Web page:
Ever since announced the server side navbar I was excited about the possibilities the idea presented. I had just adopted two web rings and had just gone through trying to get everyone to change their code. And here we are doing it AGAIN! Changes have become the biggest problem area for maintaining the rings.

The Blacksmith's Ring needed a new logo/navbar and the announcement that the new system would serve the NAVBAR sounded like an ideal time to make the change. So, I had been planning on a change for a long time and had announced on the ring's home page that we were planning a new logo that would probably be much smaller than the original. The plan was for a standard banner size (468 x 60).

I had also been thinking about how the system would need to work and had a head start on what Yahoo finally released. They COULD have served all the funky customized HTML fragments designed by the tens of thousands of Ringmasters and still gotten most of the advantages of collecting data and replacing the spider ring checker. But they did not. Instead they produced the "grey bar" which after all their effort has some significant design and implimentation problems. Not the least of which is the (80,000) Ringmasters almost all hate it.

Our jsNAVBAR's were designed to be easy to install and easy for me to maintain. The current design of the Blacksmiths Ring nav bar is one made up under pressure to get the new Ringlink system under operation. It has some problems and will be redesigned as a single graphic with an image map. This will be much simpler (and smaller) code and it will not be suseptible to problems created by pages with style sheets or incompetent HTML editing.

The AMAZING thing about this change is that the ring members do nothing and may not even notice the change!

Many other systems work similarly. Most banner programs now serve "rich content". That means actual clickable items on banners rather than the fake scroll bars and search boxes. Its done using exactly the same techniques as above.

This is all part of the ever changing technology of the World Wide Web. It is also a technology that is not limited to big corporate run systems. Any Ringmaster or Webmaster that understands HTML and a little Javascript can create and maintain a jsNAVBAR or rich content system.

Jock Dempsey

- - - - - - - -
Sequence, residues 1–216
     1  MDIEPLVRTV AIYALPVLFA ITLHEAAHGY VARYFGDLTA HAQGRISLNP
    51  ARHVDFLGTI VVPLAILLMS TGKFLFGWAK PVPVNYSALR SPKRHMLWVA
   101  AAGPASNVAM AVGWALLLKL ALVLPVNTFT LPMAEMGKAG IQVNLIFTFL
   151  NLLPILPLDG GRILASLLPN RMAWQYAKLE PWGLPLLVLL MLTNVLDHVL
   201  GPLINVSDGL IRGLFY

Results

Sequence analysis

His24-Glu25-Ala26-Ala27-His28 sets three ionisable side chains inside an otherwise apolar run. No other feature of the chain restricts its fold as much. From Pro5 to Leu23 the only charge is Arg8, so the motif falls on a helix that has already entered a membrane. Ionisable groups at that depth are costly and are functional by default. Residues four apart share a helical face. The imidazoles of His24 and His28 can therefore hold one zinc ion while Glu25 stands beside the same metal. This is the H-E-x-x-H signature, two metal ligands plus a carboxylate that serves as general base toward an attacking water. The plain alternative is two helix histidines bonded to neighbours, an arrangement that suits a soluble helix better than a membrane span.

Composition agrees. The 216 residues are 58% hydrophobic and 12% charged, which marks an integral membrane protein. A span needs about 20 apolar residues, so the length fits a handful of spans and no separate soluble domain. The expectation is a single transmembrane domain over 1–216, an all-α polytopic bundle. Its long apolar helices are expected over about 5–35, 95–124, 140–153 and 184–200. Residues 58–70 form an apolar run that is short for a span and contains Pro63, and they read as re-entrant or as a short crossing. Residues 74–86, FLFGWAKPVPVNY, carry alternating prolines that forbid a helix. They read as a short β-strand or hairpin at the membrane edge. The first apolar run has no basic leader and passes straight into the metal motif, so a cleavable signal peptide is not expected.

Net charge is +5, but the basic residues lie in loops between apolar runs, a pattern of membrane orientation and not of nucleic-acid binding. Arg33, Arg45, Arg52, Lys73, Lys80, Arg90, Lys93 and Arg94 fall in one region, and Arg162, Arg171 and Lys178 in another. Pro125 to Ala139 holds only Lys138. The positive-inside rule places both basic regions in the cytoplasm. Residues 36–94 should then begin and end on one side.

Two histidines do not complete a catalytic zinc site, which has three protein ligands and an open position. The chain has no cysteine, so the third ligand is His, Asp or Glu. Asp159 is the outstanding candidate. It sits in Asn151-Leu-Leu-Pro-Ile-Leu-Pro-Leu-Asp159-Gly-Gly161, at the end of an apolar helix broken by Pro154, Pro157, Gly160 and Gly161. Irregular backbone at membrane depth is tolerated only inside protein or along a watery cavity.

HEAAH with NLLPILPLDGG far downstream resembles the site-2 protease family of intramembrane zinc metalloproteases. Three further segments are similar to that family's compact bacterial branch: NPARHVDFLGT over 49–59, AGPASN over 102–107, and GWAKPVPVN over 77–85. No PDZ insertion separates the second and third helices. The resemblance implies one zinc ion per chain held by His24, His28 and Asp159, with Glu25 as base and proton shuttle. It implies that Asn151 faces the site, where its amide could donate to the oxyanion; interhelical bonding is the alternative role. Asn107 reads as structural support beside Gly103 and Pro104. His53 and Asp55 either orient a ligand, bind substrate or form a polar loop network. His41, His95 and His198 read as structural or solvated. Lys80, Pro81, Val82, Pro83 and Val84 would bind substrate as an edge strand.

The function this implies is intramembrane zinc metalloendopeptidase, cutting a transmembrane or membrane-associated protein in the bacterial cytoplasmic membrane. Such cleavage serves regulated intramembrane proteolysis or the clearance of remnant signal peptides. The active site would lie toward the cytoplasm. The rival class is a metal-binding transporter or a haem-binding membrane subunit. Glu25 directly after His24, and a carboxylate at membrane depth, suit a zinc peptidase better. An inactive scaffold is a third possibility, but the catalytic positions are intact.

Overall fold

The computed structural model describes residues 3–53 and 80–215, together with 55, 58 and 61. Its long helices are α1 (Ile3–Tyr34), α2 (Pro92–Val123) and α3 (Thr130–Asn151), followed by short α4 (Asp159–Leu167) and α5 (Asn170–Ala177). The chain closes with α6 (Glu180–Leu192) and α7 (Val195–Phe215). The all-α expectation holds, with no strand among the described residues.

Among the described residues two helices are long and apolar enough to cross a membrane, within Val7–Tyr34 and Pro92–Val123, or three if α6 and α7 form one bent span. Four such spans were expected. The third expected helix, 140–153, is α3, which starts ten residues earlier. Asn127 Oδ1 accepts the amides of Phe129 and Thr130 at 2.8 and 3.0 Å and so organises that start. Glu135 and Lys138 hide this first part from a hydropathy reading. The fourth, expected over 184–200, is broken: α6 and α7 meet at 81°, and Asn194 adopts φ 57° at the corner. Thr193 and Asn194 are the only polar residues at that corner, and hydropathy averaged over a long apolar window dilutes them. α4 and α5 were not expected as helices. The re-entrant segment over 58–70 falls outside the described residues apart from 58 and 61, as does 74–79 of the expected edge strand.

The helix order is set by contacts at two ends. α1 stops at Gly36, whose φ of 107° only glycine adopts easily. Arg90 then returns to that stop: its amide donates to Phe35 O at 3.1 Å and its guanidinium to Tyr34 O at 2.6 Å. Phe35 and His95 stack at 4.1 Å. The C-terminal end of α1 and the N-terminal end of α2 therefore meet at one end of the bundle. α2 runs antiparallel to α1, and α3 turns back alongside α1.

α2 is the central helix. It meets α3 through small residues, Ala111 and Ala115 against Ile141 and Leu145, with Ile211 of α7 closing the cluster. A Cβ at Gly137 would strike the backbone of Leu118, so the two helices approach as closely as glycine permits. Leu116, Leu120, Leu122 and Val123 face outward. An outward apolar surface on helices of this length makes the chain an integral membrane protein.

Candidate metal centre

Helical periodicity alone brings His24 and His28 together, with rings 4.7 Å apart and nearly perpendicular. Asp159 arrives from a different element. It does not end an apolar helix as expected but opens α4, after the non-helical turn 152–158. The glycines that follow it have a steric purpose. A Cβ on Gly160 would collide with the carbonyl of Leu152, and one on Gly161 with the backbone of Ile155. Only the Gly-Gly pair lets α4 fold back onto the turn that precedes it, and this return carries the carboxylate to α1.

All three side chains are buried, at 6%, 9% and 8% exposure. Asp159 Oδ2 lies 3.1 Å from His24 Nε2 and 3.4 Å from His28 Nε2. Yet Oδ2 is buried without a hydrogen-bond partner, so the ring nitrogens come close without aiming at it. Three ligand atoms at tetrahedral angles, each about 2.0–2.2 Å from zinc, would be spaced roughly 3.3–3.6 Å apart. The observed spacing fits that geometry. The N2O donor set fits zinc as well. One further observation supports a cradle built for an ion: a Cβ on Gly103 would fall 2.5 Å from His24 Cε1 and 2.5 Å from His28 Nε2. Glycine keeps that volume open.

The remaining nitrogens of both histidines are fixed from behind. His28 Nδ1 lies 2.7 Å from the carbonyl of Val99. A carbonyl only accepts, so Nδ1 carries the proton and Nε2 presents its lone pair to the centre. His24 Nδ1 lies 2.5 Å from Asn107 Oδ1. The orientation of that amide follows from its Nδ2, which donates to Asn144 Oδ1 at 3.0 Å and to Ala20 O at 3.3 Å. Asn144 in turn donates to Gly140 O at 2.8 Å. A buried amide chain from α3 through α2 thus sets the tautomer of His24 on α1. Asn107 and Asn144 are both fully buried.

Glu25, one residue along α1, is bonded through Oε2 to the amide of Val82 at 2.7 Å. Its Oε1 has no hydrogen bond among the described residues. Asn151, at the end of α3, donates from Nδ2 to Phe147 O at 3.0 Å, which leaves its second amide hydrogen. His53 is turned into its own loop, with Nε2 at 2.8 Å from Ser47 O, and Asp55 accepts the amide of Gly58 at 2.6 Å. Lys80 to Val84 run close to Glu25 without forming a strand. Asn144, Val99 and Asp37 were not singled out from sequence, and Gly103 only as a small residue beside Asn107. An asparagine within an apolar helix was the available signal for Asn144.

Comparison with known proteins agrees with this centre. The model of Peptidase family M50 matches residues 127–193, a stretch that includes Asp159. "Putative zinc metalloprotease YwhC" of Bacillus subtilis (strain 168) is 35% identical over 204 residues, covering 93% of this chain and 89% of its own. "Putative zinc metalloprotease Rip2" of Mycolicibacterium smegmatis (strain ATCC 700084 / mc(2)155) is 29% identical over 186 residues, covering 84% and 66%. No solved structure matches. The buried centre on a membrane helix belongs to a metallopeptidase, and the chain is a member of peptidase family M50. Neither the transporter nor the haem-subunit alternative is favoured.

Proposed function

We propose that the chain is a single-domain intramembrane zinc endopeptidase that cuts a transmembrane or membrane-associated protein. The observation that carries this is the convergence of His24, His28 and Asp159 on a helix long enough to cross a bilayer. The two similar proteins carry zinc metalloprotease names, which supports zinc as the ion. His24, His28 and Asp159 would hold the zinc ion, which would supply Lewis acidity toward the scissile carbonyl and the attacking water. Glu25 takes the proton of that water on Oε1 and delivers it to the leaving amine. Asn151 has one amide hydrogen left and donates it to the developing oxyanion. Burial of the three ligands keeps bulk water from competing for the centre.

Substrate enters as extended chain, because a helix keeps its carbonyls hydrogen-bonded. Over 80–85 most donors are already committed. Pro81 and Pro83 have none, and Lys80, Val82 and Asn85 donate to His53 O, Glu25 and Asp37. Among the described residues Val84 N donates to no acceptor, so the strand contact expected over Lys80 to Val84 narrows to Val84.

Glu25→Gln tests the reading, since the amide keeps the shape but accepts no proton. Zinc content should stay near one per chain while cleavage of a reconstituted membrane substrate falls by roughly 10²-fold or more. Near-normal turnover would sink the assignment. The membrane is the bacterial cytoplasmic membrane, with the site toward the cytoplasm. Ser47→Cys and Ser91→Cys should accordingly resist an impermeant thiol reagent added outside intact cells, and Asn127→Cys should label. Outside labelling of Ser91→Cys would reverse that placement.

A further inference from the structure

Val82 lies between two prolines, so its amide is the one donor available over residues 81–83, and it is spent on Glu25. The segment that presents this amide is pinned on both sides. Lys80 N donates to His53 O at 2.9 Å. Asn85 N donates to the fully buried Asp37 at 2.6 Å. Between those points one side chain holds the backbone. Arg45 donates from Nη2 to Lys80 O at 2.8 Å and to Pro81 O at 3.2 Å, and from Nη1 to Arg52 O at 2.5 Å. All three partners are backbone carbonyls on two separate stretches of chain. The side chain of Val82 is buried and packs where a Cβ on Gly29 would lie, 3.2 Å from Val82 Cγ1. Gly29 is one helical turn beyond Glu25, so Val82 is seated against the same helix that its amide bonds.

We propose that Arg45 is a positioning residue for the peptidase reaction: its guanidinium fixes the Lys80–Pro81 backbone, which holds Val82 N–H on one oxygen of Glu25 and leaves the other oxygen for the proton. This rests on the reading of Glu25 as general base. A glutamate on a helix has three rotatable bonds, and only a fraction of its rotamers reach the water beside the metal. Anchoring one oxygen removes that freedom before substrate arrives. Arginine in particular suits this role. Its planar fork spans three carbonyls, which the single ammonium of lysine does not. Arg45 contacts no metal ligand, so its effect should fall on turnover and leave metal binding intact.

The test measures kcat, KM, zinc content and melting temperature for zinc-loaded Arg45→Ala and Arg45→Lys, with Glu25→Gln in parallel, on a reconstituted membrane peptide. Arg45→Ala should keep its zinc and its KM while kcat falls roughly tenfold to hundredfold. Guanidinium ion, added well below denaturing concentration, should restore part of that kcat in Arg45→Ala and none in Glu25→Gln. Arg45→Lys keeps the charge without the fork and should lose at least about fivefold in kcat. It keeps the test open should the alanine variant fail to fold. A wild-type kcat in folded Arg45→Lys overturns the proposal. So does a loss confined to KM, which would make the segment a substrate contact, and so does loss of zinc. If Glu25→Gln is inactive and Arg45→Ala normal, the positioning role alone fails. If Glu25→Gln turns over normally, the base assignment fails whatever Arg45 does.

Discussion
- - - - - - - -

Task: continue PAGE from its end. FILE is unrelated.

October 3, 2000


Java or not to Java. . . Many argue that Javascript is an evil nuisance on the web. A short time ago "frames" were looked at the same way and before that fonts. However, Javascript is mearly a programmable extension to HTML. It is here to stay and more and more web sites are using it. Virtualy all web capable browsers accept it going back 3 years.

Recent discussions of the subject have focused on the fact that browsers for the sight empaired do not support Javascript. This is a problem of the lack of keeping up with current technology, not a lack of support for sight empaired browsers.

However, like any web related technology Javascript must be used with ample consideration. There is nothing worse than a web page requiring the absolute latest technology to view it. The vast majority of the world is always a couple years behind the latest developments in web technology. This includes monitor size, browser version, sufficient memory. . . .

On the other hand, many web sites are written and maintained by individuals working alone and they have to decide what level of technology they wish to support. Most HTML references immediately jump to using Javascript to detect the browser in use so that a compatible page can be served. If the browser is non-Java capable the pages served are expected to be for that level of technology. The problem with this "solution" is that is works for individual pages and small web sites but it doesn't work when there are thousands of pages invloved. Its not a matter of Java/no Java, its a matter of IE 3.0 vs NS 3.2 vs IE 4.5 vs NS 4.04. . . . How many versions of the same site can anyone maintain.

The biggest problem has always been the differences between Microsoft and Netscape browsers. When Netscape was THE standard and dominated the web, Microsoft's newest releases always were short of support for features already implemented on many websites. This included Javascript support. Today the differences are less but those that exist are more subtle and hard to test for. Style sheet support differences are the greatest despite the touting that this was the solution to pages displaying differently on the competing browsers. Simple HTML definitions like page margins still require "double tagging" to produce uniform results. Javascript differences are much more subtle. . . little buggy things like not being able to call a script in a different frame using IE. . .

Those writing Javascript often make the mistake of using much too late a code version for the installed base of browsers. They then fail to test on any other platform other than the one they regularly use. Currently the world standard is 4.0 browsers even though there are much newer browsers on the market. However, I still test on my old 486 running Win3.1 and Netscape 3.2 using a 640x480 monitor. But soon I will have to abandon this personal "standard" and move on. Progress waits for no one.

Rev. 10-18-2000 Fixed err in sample code, added sample output.